There is a brief break for the spoken word of ’10 Seconds Of Forever’ and as this ends in near apocalyptic fashion it takes us into the ultimate moment of progressive thrash that is ‘Brainstorm’. Here – to quote a Motörhead moment – ‘everything is louder than everything else’. You either love it or you don’t as the band go into sonic overdrive and I love it! As elsewhere on the album Dave Brock guitar solos intertwine with Nik Turners saxophone and flute.

The pace slows and then builds in the throbbing ‘Seven By Seven’ before we arrive at the ultimate Hawkwind spoken word that is ‘Sonic Attack’. Back in the mid seventies anything that included the words ‘orgasm’ and ‘orifice’ would get teenage boys attention (well it did in my school group!), but the real message here is about survival in the face of catastrophic events as Robert Calvert tells us ‘survival means think only of yourself’. 

On that less than cheerful note the band rumble into ‘Time We Left This World Today’, which, depending on which version you are listening to can be anything up to 13 minutes long!

If there was doubt by now that Dave Brock was not a guitar riff master then with the opening of Master Of The Universe’ that should be easily dispelled. One of the bands greatest songs is full of power and excitement.  How drummer Simon King manages to keep going is a mystery, he really was a literal driving force behind the band and here – as on ‘Brainstorm’ – he is pounding away in full flight while the rest of the band lose themselves in the music.  This song still is – after 50 years – mesmerising stuff indeed!


‘Welcome To The Future’, another spoken word piece, (and scarily perhaps more relevant today) accompanied at the end with a symphonic roar of sound from the band, closes proceedings for the original album, while some of the live sets include the encore ‘You Shouldn’t Do That’.

The 64 page booklet that comes with the set contains a useful essay on the build up to the making of ‘Space Ritual’ including how the line up came into being and some good observations on the album itself. It is a fair point made that listening to the three live sets individually soon shows that the version of Hawkwind touring here was well rehearsed and very focused on delivering a consistent set each night. Being able to hear the different live sets also indicates the original album probably didn’t need many overdubs. All in all a good read. Also within its pages are copies of the original booklet and other related tour material as well as some terrific photographs.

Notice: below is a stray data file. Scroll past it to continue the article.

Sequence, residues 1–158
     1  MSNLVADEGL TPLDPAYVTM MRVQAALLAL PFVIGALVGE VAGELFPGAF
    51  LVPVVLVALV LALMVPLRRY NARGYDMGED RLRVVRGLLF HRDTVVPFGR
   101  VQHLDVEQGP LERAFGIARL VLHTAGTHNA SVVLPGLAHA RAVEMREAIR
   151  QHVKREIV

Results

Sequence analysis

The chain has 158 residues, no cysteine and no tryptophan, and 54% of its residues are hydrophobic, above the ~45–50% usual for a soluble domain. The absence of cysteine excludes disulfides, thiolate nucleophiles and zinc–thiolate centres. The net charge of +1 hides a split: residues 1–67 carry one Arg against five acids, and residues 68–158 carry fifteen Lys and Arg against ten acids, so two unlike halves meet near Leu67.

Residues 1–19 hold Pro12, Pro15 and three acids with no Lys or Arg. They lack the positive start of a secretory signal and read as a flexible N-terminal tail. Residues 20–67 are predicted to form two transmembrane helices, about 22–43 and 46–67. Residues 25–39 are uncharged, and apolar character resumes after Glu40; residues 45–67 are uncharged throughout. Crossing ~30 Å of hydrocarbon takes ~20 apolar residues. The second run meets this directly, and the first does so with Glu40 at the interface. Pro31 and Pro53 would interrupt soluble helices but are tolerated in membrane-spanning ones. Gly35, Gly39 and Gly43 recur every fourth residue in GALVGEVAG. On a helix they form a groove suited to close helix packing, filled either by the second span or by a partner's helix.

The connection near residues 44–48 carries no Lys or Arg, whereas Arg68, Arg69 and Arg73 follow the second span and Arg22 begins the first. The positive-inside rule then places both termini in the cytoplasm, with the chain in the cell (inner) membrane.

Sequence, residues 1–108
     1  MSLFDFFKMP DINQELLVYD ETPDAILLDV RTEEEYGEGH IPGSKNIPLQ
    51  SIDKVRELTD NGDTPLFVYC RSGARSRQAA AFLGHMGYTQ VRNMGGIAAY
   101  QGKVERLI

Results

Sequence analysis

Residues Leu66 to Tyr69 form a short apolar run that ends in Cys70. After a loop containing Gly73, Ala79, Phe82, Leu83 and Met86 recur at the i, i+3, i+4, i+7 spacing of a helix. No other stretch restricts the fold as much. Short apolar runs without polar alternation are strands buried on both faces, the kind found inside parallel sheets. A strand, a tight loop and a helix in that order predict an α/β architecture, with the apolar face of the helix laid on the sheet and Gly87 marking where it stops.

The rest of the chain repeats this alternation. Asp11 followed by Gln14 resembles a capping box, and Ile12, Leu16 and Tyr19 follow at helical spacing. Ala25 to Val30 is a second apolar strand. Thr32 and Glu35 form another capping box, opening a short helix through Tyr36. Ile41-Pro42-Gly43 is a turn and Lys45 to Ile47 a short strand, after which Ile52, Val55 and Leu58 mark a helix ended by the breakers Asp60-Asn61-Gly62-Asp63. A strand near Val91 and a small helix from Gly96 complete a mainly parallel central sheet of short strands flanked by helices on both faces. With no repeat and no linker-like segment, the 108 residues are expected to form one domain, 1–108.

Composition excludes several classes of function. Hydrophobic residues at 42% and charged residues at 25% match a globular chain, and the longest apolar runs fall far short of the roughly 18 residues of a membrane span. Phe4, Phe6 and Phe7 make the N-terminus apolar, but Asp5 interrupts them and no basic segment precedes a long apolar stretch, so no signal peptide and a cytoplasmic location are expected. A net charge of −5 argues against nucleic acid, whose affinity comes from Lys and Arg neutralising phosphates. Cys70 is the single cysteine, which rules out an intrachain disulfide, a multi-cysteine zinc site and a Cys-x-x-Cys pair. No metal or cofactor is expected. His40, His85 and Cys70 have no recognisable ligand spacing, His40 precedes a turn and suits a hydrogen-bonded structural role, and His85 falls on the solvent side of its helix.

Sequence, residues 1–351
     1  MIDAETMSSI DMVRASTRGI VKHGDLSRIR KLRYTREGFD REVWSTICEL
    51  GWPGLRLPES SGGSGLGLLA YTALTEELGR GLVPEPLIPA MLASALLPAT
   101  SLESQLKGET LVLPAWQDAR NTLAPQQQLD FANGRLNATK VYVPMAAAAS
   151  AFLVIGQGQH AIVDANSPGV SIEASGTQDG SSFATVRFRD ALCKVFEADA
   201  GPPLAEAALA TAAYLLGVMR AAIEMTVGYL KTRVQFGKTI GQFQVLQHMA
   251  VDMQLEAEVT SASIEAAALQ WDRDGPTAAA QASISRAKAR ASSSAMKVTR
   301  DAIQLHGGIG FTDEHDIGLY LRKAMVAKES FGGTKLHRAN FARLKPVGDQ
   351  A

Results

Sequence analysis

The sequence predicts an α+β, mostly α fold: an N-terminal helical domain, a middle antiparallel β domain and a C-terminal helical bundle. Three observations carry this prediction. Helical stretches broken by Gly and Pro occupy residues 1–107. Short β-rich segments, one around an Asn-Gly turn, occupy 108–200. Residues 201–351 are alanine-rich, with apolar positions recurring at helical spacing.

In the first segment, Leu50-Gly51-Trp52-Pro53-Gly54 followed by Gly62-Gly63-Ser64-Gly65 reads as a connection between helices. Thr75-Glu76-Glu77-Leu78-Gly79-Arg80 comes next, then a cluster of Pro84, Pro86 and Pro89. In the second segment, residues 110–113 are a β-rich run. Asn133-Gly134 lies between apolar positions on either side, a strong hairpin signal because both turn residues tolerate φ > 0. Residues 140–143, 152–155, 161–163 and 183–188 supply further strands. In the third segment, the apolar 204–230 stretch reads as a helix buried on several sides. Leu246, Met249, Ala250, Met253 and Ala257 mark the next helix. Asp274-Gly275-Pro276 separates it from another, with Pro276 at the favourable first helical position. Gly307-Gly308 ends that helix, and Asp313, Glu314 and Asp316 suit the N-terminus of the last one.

So, finally, we come to the new stereo mix. If, by now, you haven’t quite been convinced to buy this box set, then just let me say that this new mix is fantastic and whilst not worth the price of the box set on its own, certainly seals the deal as far as I’m concerned (and further good news, reading the information it sounds like the separate expanded 2 CD set is this same remix).

Listening through headphones has been a real treat and I can’t wait to hook this new remix up to a decent system and play it loud, because, while you can listen to ‘Space Ritual’ at any volume, playing it loud really is a sonic experience when the band are in full flow and this new stereo mix really does dance in and out across the headphone speakers. It contains a full show with unedited versions of several songs such as ‘Brainstorm’ and the encore of ‘You Shouldn’t Do That’.

‘Space Ritual’ has long been an album I love listening to. I have never tired of it, and over the last couple of weeks this new box set has been constantly played as I discover new sounds and nuances within the music. Can it last another 50 years? It should. As the recent album title from Hawkwind said, ‘The Future Never Waits’ so indulge yourselves and go buy the Space Ritual Box set now.

Deluxe anniversary album details here: https://cherryred.co/Hawkwind

Load More Related Articles
Load More By admin
Load More In Albums
Comments are closed.

Check Also

Portraits Of Gillan” Rufus Publications’ photographic celebration of post-Deep Purple career

On leaving Deep Purple in June 1973, Ian Gillan seemed to turn his back on music. Instead …